It is good to reflect on exactly how hard a problem it is to define a consistent cross-platform data representation. Most of the time (especially on the web) we just shovel data around, let things be inconsistent, avoid conflicts by pretending they don’t happen, and carry a general disregard to data consistently. This attitude is, sadly, what has come to characterize “NoSQL” in my mind, though in a strict sense that is not true at all (GIS and graph databases aren’t SQL systems, and some are very solid — PostGIS being the exception in that it is a surprisingly well made extension to a surprisingly solid SQL-based RDBMS).
Obviously this isn’t a good attitude to have when dealing with things more important than small games or social media distractions. That said, most of the code written today seems to fall into those two categories, and many a career is spent exclusively roaming the range between these two (and whether we should consider most of the crap that constitutes the web a “game” itself is worth thinking about, whether we think of SEO, mindshare in the blogosphere, StackExchange rep, Facebook likes/friends/whatever, pingbacks, comment counts, etc.). We focus so much on these trivial and often meaningless cases that an entire generation of would-be programmers has no idea what the shape of data is really about.
When you really need a consistent data representation that can survive the network (ouch! that’s no mean feat!), can consistently be coerced into a known, predictable, serialized representation, and can be handled by generated code in nearly any language you need ASN.1.
But ASN.1 is hard to learn (or even find resources on outside of telecom projects), and JSON and YAML are easy to reference and (initially) use. XML was made unnecessarily hard, I think as a cosmic joke on people who never heard the term “S-expression”, but very basic XML seems easy, even if its something you would never want to type by hand (though that always seems to wind up being necessary, despite our best efforts at tooling…).
Why not just use JSON, YAML or XML everywhere? That bit above, about a consistent representation — that’s why. Well, that’s part of why. Another part of why is that despite your best efforts to define things in XML or nest explicit declarations in YAML/JSON you will always wind up either missing something, or find yourself needing to change some type information you embedded as a nested element in your data definition and then need to write a sed or awk script just to modify later (and if you’re the type who thinks “ah, a simple search/replace in my IDE…” and “IDE” to you doesn’t basically equate to “Emacs” or your shell itself, you’re going to a gunfight with boxing gloves on — if you need a better IDE to manage your language then you really need a better language).
The problem with YAML/JSON/XML are twofold: they are not defined anywhere, so while you may have a standard of sorts somewhere, there is no way to enforce that standard. An alternative is to include type information everywhere within your tags as attributes (in XML) or nest tagged groups or create a massive reference chain of type -> reference pointer -> data entry in YAML (or nest everything to an insane degree in JSON), but then making changes to the type of a field in a record type you have 20 million instances of is… problematic.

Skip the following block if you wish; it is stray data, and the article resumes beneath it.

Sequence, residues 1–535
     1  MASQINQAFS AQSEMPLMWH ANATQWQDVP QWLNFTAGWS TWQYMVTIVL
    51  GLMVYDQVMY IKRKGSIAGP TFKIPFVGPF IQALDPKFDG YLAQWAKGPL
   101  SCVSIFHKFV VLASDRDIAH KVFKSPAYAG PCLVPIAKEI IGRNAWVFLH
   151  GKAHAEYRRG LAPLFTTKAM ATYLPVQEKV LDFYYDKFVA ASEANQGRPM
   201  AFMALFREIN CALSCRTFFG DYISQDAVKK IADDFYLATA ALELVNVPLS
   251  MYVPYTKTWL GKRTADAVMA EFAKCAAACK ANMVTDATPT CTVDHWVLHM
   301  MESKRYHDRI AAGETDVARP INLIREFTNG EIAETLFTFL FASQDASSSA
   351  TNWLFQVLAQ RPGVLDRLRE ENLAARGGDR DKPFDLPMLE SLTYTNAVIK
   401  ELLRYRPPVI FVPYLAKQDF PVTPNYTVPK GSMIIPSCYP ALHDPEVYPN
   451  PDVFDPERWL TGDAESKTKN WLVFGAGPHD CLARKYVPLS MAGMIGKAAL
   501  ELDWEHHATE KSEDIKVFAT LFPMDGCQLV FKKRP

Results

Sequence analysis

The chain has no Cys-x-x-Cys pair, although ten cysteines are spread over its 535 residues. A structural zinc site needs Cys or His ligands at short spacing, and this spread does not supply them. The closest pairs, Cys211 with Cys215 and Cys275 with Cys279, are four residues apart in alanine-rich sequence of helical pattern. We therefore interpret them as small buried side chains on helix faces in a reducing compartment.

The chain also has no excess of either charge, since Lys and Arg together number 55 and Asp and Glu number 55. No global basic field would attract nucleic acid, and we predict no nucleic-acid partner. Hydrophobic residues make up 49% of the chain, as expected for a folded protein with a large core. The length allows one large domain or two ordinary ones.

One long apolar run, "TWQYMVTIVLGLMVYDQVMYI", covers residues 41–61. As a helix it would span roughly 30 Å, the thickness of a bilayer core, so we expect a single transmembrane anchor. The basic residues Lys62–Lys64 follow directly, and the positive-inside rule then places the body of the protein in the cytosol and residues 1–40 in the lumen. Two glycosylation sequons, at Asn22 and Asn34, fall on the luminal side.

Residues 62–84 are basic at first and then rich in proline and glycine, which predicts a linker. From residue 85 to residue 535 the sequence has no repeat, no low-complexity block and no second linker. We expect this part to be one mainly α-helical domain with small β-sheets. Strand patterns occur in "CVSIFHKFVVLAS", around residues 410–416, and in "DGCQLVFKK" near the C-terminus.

And we haven’t even discussed representation. “But its all text, right?” Oh… you silly person…
Everything is numbers. Two numbers, actually, 0 and 1. We know this, and we sort of forget that there are several ways of interpreting those numbers as bigger numbers, and those bigger numbers as textual components, and those textual components as actual text and that actual text (finally) as glyph you see when you use “the typewriter part” or look at “the TV part” (or do anything with the little touchscreens we use everywhere these days nobody seems to have worked out a genuinely solid interface solution to just yet).
Every layer of that chain of interpretation I mentioned above can be done several ways. Every layer. Think about that for a second. Now, if you live purely in a single world (like modern Linuxes and probably newer versions of OSX) where there is only UTF-8, then about half the possible permutations are eliminated. If you only ever deal with unaccented characters that fall in the primary 127 defined by ASCII, then several more permutations are eliminated — and you should dance with joy.
Unless you deal with a bit of non-textual data in addition to the textual stuff. You know, like pictures and sounds and application-produced opaque binary data and whatnot. If that’s the case, you should tremble. Or… oh god, no… what if your data doesn’t stand alone? What if all those letters are supposed to actually mean something? “We have lots of data” isn’t nearly as important to customers as “we have lots of meanings” — but don’t ask a customer about that directly, they have no idea what you mean, because all the text stuff already means something to them.